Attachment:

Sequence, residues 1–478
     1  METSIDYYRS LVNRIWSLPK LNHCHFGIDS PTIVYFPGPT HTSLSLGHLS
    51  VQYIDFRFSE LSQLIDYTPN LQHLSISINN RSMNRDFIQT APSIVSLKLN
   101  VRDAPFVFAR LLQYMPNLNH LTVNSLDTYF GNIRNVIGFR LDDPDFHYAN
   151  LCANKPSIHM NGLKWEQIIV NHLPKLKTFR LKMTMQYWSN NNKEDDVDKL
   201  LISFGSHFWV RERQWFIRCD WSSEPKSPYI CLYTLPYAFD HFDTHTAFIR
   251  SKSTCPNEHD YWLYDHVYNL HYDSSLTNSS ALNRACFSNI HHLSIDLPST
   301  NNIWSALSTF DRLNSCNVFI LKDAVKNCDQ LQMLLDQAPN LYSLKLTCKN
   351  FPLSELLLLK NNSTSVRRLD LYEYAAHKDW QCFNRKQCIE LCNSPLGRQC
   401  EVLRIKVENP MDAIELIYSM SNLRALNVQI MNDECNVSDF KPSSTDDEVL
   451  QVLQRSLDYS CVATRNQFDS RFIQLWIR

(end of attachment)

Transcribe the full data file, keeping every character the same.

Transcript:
Sequence, residues 1–478
     1  METSIDYYRS LVNRIWSLPK LNHCHFGIDS PTIVYFPGPT HTSLSLGHLS
    51  VQYIDFRFSE LSQLIDYTPN LQHLSISINN RSMNRDFIQT APSIVSLKLN
   101  VRDAPFVFAR LLQYMPNLNH LTVNSLDTYF GNIRNVIGFR LDDPDFHYAN
   151  LCANKPSIHM NGLKWEQIIV NHLPKLKTFR LKMTMQYWSN NNKEDDVDKL
   201  LISFGSHFWV RERQWFIRCD WSSEPKSPYI CLYTLPYAFD HFDTHTAFIR
   251  SKSTCPNEHD YWLYDHVYNL HYDSSLTNSS ALNRACFSNI HHLSIDLPST
   301  NNIWSALSTF DRLNSCNVFI LKDAVKNCDQ LQMLLDQAPN LYSLKLTCKN
   351  FPLSELLLLK NNSTSVRRLD LYEYAAHKDW QCFNRKQCIE LCNSPLGRQC
   401  EVLRIKVENP MDAIELIYSM SNLRALNVQI MNDECNVSDF KPSSTDDEVL
   451  QVLQRSLDYS CVATRNQFDS RFIQLWIR